Friday, November 17, 2006

Of Goo and Grue

Thanks again everyone for amazing questions this week. For those who were looking for past questions, check here, and here (answers are on days that follow). I'll ask again next month.

Phil Thrift asks, " Why is there something rather than nothing? Or is that a nothing question?"

It is either a nothing question or an incredibly deep question depending upon the sort of answer you are looking for. "Why" questions may be requests for motivation -- Why did you do that? -- or they may be requests for causes -- What brought that phenomenon about?

If you are looking for the first sort of answer, I ain't got it, but would point out that it is presupposed that existence requires an act of will and the ability of something whose will could create matter. I'm always amused with the version of the question, "But where did it all come from?" I usually reply, "Newark" and then point out that the question presupposes that it came from somewhere and ask where it was before that.

If we treat it as the second sort of question, what caused there to be all this stuff it is an interesting question. On the one hand, it seems as if we may have reached the limit of possible physical explanation. Physics can describe the way bits of matter and energy interact with one another, but we seem to require the assumption that there is at least the stuff there.

At the same time, spontaneous creation of stuff is not only allowed by our best physical theories, it is actually a direct result. In quantum mechanics, we have this thing called the Heisenberg Uncertainty Principle. It is usually set out in terms of position and velocity -- we can determine the exact position of a particle, but nothing about its velocity; we can determine the exact velocity of a particle, but nothing of its position; or we can determine both, but only up to a limit. I use the verb "determine" and not "know" here because the principle is metaphysical, not epistemological, that is fancy philosophy talk for saying it's not that the particle has exact values for both position and velocity and we just can't know both, it's that it cannot have exact values for both.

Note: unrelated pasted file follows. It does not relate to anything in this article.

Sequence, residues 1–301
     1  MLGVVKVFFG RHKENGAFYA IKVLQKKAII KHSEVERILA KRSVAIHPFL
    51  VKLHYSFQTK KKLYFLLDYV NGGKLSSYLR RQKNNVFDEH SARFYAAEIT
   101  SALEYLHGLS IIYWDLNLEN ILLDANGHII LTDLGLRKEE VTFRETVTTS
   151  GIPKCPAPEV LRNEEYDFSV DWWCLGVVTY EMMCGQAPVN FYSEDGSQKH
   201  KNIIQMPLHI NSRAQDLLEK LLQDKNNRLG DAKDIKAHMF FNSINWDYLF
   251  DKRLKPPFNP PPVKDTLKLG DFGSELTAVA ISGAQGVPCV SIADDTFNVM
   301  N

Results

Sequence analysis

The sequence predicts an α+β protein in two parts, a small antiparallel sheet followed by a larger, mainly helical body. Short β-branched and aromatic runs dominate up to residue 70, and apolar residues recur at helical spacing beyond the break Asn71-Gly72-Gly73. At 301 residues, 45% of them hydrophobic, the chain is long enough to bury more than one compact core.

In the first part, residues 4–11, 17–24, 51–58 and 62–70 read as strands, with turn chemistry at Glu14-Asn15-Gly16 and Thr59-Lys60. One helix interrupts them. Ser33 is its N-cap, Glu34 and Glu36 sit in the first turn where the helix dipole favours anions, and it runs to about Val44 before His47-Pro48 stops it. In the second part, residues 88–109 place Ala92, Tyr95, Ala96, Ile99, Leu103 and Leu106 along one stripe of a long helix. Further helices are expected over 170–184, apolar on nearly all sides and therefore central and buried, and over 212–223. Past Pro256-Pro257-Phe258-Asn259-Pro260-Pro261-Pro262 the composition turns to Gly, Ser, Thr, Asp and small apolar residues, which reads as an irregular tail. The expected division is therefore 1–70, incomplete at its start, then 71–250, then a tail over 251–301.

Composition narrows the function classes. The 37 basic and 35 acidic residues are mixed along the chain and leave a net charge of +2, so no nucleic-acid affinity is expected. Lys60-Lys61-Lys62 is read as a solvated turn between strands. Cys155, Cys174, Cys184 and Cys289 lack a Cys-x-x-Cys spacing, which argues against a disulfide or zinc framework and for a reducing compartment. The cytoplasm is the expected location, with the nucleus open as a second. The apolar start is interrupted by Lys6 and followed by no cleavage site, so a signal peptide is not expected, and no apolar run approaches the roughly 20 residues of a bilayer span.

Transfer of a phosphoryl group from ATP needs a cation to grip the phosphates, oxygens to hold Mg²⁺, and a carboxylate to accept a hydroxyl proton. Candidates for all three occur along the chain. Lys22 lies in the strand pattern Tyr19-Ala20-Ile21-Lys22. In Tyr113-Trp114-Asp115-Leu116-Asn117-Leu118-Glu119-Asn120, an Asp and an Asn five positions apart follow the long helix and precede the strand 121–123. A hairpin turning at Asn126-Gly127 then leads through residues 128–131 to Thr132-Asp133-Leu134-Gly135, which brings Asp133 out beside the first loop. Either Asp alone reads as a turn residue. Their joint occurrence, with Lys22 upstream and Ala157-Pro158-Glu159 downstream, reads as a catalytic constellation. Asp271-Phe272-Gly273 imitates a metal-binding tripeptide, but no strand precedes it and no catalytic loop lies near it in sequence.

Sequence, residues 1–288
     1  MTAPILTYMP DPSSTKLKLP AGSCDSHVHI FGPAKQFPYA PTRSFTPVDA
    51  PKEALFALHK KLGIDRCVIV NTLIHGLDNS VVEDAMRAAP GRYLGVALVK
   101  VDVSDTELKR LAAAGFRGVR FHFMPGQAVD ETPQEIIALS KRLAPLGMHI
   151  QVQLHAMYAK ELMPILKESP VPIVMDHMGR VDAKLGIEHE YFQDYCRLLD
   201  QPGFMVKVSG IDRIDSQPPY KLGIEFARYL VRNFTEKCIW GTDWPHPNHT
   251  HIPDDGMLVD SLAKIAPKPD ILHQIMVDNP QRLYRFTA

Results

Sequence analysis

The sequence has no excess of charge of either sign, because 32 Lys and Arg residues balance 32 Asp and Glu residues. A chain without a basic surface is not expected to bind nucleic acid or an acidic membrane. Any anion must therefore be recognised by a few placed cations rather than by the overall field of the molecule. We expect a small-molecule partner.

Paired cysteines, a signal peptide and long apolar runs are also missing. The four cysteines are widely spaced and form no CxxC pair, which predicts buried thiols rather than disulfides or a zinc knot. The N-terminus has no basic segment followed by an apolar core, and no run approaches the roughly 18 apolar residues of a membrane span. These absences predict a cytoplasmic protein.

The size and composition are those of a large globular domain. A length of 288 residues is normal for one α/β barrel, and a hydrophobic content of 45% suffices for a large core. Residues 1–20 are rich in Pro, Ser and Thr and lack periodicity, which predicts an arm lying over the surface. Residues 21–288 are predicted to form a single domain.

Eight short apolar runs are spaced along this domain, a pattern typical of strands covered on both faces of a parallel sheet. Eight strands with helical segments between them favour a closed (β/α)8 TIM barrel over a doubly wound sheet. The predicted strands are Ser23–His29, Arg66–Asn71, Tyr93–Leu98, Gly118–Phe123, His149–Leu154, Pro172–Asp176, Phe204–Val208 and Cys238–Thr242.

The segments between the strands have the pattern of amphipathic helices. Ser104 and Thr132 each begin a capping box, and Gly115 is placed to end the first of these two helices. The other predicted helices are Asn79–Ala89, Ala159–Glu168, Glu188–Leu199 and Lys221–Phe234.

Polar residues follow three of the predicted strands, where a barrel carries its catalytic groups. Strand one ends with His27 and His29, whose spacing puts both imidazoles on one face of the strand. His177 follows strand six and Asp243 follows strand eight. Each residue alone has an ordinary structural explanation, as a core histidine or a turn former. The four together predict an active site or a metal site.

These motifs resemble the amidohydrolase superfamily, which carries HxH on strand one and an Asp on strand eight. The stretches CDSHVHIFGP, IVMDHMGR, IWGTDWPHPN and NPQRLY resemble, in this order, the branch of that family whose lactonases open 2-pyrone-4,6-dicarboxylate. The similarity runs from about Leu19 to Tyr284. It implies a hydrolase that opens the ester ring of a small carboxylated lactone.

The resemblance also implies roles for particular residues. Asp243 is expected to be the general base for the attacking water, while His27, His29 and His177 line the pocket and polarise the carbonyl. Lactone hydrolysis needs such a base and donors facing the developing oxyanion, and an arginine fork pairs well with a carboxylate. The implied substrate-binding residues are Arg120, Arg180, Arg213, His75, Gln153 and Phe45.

This needs to be stressed here because we can express the Uncertainty Relationship in terms of pairs of physical quantities other than position and velocity, for example, time and energy. If you take a small enough span of time in a region, we can determine very little about the energy of the reason. Small enough durations and the uncertainty in energy gets quite large, large enough to be the energy of a particle. In extremely short time spans, it is not only possible, but expected that complete particles will simply pop into being.

Before George Gamow's Big Bang Theory became the cosmological gold standard, physicists Thomas Gold, Hermann Bondi, and most famously Fred Hoyle came up with a rival called the Steady State theory which tried to use mechanisms along this line to account for everything in the universe and its continuous expansion. The idea is that there is something instead of nothing, because, well, sometimes, matter happens. But we've long since given up this idea as an explanation for all matter and energy and asking for the source of the stuff that got banged in the Big Bang becomes at best metaphysical speculation and at worst, a dreaded nothing question.